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Maternal and Newborn Hospital Outcomes of Perinatal SARS-CoV-2 Infection: A National Registry.

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OBJECTIVES: The American Academy of Pediatrics National Registry for the Surveillance and Epidemiology of Perinatal coronavirus disease 2019 (COVID-19) (NPC-19) was developed to provide information on the effects of perinatal severe acute respiratory syndrome coronavirus 2 (SARS-CoV-2) infection.

METHODS: National Registry for the Surveillance and Epidemiology of Perinatal COVID-19 participating centers entered maternal and newborn data for pregnant persons who tested positive for SARS-CoV-2 infection between 14 days before and 10 days after delivery. Incidence of and morbidities associated with maternal and newborn SARS-CoV-2 infection were assessed.

RESULTS: From April 6, 2020 to March 19, 2021, 242 centers in the United States centers reported data for 7524 pregnant persons; at the time of delivery, 78.1% of these persons were asymptomatic, 18.2% were symptomatic but not hospitalized specifically for COVID-19, 3.4% were hospitalized for COVID-19 treatment, and 18 (0.2%) died in the hospital of COVID-related complications. Among 7648 newborns, 6486 (84.8%) were tested for SARS-CoV-2, and 144 (2.2%) were positive; the highest rate of newborn infection was observed when mothers first tested positive in the immediate postpartum period (17 of 125, 13.6%). No newborn deaths were attributable to SARS-CoV-2 infection. Overall, 15.6% of newborns were preterm: among tested newborns, 30.1% of polymerase chain reaction-positive and 16.2% of polymerase chain reaction-negative were born preterm (P < .001). Need for mechanical ventilation did not differ by newborn SARS-CoV-2 test result, but those with positive tests were more likely to be admitted to a NICU.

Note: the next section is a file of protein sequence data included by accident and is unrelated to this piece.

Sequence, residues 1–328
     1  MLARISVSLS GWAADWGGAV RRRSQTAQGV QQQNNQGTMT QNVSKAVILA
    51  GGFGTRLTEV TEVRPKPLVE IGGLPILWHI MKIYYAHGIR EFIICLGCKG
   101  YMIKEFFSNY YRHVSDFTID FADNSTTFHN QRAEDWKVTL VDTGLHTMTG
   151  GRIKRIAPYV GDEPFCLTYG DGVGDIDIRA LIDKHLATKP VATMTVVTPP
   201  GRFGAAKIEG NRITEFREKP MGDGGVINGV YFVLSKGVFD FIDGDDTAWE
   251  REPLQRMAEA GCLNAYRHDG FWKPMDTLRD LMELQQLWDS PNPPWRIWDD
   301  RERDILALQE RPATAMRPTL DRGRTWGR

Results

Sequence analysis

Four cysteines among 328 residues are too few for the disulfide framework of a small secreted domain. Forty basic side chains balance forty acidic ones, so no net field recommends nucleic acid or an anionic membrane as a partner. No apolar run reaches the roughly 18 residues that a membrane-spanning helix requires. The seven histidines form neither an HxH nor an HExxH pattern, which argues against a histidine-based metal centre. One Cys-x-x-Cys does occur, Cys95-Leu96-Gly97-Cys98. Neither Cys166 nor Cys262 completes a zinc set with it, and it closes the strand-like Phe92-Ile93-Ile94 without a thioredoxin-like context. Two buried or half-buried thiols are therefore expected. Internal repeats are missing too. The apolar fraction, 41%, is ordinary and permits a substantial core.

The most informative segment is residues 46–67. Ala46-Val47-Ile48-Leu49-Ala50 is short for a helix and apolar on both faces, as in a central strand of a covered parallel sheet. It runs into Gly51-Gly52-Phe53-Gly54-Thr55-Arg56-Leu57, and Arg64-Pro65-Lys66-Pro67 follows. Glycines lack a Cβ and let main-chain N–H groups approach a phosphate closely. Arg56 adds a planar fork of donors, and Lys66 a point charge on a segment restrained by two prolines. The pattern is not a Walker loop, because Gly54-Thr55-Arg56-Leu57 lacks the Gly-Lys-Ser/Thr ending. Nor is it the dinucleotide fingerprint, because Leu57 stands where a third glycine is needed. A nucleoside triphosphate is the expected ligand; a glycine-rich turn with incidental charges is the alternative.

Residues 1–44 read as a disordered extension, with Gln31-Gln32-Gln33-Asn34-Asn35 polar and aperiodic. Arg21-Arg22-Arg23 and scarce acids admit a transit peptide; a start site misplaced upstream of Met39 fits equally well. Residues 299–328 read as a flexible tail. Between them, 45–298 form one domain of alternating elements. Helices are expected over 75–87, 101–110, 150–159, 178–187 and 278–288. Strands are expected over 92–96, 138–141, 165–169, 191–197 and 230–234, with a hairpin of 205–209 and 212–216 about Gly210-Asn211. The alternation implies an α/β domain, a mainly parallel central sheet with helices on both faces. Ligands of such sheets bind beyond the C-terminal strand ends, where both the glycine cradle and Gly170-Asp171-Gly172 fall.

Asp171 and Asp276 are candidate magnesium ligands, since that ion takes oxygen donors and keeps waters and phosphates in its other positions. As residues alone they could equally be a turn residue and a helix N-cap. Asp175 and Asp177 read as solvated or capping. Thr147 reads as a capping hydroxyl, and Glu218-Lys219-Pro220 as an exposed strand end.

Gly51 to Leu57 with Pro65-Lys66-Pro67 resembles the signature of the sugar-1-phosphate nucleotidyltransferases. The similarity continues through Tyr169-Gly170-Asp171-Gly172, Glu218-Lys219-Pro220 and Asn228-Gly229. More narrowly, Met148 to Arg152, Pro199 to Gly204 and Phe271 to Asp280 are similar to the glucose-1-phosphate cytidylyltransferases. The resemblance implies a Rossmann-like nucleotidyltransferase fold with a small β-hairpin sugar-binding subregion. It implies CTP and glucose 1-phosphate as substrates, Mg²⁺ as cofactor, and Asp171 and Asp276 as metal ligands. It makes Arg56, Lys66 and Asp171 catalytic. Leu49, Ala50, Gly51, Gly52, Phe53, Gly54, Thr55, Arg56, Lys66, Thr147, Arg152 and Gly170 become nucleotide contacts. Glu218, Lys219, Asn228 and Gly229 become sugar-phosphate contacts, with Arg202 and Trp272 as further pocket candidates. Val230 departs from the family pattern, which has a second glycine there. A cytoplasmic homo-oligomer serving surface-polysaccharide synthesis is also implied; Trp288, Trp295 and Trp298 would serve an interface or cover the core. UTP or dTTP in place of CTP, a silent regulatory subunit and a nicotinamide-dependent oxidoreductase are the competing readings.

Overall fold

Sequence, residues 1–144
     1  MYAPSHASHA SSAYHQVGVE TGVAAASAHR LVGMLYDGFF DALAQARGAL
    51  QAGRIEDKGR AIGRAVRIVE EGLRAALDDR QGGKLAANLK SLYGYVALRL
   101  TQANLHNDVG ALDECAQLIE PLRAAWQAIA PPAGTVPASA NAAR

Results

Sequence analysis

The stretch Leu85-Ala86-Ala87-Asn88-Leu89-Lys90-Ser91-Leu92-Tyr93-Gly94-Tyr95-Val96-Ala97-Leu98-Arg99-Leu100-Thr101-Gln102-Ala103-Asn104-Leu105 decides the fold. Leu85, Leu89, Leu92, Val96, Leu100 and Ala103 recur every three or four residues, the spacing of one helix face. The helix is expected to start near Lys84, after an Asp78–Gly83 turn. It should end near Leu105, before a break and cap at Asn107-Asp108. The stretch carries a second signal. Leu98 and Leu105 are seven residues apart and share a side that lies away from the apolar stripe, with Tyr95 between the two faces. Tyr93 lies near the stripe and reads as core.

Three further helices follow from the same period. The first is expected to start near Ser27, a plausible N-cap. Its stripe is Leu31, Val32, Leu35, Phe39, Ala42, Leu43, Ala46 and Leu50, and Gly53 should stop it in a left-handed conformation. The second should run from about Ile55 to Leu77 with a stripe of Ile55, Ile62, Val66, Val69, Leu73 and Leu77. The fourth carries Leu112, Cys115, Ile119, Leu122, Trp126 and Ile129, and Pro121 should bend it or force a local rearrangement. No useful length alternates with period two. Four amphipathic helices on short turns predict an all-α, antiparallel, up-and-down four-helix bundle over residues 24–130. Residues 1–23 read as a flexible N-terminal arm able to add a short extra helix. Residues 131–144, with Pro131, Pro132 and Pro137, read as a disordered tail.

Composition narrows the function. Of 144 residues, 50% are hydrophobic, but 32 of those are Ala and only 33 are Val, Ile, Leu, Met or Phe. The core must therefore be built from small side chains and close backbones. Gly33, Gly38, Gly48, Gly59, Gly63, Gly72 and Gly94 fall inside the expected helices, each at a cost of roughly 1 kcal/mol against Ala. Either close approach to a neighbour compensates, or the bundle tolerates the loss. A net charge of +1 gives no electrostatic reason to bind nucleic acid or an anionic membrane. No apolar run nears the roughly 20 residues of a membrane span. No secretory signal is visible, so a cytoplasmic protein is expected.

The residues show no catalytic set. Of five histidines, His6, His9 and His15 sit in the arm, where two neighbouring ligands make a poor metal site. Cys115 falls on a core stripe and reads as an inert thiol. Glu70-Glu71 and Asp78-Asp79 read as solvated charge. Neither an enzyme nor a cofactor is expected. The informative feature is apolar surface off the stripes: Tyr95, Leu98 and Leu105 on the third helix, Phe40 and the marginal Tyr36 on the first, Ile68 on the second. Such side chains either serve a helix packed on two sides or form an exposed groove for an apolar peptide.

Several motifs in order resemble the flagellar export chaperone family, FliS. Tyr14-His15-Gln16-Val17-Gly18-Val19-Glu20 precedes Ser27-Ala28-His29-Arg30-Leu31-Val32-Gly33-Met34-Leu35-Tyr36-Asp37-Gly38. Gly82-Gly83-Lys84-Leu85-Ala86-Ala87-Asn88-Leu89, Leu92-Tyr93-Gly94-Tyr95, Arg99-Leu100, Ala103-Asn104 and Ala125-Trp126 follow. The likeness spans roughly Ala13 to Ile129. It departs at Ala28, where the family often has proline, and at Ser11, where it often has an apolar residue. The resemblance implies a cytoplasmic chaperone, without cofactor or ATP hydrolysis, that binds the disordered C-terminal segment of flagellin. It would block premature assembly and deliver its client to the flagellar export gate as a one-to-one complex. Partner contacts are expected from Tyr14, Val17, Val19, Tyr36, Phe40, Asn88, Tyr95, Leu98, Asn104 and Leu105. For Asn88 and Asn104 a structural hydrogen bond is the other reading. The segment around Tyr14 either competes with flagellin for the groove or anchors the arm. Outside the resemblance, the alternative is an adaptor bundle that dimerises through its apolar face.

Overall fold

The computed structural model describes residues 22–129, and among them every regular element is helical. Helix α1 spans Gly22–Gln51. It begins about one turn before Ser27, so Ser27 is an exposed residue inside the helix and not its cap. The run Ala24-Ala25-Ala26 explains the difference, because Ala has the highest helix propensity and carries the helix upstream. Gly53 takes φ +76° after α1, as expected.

CONCLUSIONS: Early in the pandemic, SARS-CoV-2 infection was acquired by newborns at variable rates and without apparent short-term effects. During a period that preceded widespread availability of vaccines, we observed higher than expected numbers of preterm births and maternal in-hospital deaths.



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